1. you can try the first circuit as given in the following article:


      replace the MIC points with the input frequency and replace C2 with a 7805 IC.

  5. I was looking for a motorbike regulator design and came across this. Has anyone got this circuit to work because I can't see how the op-amp can drive the mosfet gate voltage high enough to the source to turn it off so it would just seem to constantly conduct/pass. A p-channel enhanced mode mosfet typically has a source gate threshold of a 2-4 volts so if the op-amp can't drive the gate to nearly the input voltage, it cant shut it off and the op-amp is powered from a much smaller voltage so it can't get there. There needs to be a pull up resistor to pull the gate to the source voltage and the op-amp needs to drag that down which gives circuit start up issues so it'll never start-up.

    I might have got this wrong but reading about a p-channel mosfet characteristic's on the internet I can't see how this can work at anything other than when the input voltage is very close to the desired output voltage - otherwise it will runaway and always pass the input voltage out to the output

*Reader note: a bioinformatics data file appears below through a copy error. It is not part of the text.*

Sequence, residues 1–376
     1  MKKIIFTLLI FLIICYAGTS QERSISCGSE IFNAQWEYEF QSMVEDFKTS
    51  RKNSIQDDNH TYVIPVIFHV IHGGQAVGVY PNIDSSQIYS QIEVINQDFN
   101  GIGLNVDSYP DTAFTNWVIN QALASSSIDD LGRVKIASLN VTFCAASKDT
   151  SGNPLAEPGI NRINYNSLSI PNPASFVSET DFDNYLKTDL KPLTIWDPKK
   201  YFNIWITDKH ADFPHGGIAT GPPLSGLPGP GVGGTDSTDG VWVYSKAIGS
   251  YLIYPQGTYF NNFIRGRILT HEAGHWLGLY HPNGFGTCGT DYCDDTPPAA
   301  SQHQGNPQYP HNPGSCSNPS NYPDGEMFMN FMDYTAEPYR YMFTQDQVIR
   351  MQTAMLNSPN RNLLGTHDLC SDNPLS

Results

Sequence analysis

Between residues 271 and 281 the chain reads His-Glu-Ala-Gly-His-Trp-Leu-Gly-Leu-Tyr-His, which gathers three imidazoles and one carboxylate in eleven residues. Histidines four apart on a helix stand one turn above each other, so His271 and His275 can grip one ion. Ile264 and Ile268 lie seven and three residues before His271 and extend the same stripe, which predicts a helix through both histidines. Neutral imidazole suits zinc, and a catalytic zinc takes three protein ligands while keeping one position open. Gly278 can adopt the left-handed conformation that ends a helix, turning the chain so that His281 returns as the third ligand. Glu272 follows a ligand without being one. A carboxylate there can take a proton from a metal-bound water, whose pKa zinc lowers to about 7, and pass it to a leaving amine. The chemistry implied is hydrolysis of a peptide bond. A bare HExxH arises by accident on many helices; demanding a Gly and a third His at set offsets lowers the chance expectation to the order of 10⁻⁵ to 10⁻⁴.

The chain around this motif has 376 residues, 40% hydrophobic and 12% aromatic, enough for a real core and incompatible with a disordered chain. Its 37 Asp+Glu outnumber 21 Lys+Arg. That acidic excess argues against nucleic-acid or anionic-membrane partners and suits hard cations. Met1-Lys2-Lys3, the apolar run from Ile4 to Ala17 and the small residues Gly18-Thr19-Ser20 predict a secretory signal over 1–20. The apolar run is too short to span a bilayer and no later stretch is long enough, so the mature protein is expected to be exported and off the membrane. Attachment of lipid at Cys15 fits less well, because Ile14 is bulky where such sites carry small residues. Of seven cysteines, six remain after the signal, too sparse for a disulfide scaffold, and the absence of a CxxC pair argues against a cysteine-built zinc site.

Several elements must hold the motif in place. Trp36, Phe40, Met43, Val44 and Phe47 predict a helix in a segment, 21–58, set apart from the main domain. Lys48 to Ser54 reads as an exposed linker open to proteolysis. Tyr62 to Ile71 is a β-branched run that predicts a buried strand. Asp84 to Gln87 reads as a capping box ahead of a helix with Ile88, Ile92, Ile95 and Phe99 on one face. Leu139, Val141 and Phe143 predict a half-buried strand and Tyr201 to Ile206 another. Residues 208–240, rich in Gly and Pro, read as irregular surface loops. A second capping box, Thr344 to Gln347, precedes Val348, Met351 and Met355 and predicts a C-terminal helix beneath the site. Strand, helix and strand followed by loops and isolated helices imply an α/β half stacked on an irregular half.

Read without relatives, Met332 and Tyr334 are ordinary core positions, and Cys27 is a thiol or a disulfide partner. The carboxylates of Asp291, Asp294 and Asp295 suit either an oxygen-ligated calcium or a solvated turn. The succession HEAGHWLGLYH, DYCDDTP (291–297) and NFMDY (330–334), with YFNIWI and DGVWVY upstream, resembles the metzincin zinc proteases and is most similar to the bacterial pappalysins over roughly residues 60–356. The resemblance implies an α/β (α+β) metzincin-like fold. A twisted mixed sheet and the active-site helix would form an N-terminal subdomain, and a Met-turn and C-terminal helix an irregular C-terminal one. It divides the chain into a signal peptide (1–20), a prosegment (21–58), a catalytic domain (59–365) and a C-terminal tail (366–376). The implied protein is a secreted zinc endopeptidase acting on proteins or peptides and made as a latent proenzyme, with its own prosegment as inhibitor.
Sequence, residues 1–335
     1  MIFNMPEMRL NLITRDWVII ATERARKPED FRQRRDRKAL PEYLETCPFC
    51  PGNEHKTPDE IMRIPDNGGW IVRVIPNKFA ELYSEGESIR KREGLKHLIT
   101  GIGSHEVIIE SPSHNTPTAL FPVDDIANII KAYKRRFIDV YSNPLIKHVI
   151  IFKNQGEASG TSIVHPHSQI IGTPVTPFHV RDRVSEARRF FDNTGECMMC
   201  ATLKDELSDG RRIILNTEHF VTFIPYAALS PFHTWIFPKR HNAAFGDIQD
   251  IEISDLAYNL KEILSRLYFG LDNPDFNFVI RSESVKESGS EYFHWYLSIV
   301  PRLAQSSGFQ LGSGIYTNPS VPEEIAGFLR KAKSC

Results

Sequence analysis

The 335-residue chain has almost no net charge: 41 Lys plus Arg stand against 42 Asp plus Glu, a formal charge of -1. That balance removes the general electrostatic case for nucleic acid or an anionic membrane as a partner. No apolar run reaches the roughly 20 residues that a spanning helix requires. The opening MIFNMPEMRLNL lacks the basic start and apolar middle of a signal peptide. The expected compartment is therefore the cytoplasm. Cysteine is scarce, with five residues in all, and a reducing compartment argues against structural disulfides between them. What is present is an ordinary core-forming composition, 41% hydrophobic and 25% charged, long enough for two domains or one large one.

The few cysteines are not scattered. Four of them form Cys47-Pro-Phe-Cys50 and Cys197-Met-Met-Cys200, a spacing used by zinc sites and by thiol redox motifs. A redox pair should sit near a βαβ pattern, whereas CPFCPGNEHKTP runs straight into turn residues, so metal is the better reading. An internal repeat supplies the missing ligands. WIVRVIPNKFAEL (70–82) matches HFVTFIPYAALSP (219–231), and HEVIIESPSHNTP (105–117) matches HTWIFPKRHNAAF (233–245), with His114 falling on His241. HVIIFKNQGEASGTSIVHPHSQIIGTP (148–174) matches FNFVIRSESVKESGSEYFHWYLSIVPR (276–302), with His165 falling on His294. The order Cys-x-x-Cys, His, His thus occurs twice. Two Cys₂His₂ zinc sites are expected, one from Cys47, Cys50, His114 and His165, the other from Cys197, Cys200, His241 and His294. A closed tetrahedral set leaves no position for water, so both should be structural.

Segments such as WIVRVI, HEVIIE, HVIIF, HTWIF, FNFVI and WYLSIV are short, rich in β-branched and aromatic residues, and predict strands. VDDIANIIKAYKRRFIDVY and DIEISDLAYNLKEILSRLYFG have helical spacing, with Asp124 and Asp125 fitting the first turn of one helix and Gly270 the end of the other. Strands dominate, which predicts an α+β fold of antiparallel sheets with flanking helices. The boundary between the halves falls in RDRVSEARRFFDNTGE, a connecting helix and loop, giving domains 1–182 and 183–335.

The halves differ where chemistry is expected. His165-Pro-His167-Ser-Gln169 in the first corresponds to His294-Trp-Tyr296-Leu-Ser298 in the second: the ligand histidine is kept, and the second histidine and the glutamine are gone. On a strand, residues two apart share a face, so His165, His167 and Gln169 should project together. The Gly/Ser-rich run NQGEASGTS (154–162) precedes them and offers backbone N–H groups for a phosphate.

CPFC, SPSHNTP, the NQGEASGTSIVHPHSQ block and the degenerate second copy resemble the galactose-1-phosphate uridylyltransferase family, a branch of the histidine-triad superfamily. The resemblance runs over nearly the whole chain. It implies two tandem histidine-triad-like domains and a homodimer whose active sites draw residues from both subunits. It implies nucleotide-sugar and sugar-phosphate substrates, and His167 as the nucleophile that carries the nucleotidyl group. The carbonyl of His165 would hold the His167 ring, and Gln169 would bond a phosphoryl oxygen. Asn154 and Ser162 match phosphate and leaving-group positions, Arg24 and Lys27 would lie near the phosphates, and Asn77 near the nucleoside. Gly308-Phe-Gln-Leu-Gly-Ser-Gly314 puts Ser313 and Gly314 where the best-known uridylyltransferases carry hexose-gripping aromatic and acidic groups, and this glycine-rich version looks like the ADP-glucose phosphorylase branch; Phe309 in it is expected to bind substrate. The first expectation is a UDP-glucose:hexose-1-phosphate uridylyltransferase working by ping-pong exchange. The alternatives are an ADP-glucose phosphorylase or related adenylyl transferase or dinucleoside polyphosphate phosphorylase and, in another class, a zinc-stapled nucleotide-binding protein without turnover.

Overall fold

6. I might be missing something, but after searching the internet for how a p-channel mosfet works I can't see how this circuit could work except when the input voltage is very close to the output voltage (like within 1-3 volts). A p-channel mosfet needs gate to to raise up to the source to shut it off and this design holds it too low to ever stop it from conducting. The op-amp is driven from a much lower source voltage than the mosfet source so it can't shut it off - this design will just uncontrollably leak power from the input to the output. Also the Source/drain assignment compared to the chip drawing is backwards for a P-channel mosfet. Has anyone got this to work?

    1. yes, it's rather a silly mistake in the diagram...the mosfet S/D needs to be reversed, with its source connected with the input supply.

      I have discussed the concept elaborately in the following post, you can refer to it for an in-depth study:



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Readers are advised to proceed with the construction of the presented circuits only after understanding the concepts from the core. Not adhering to this can lead to failures and frustrations.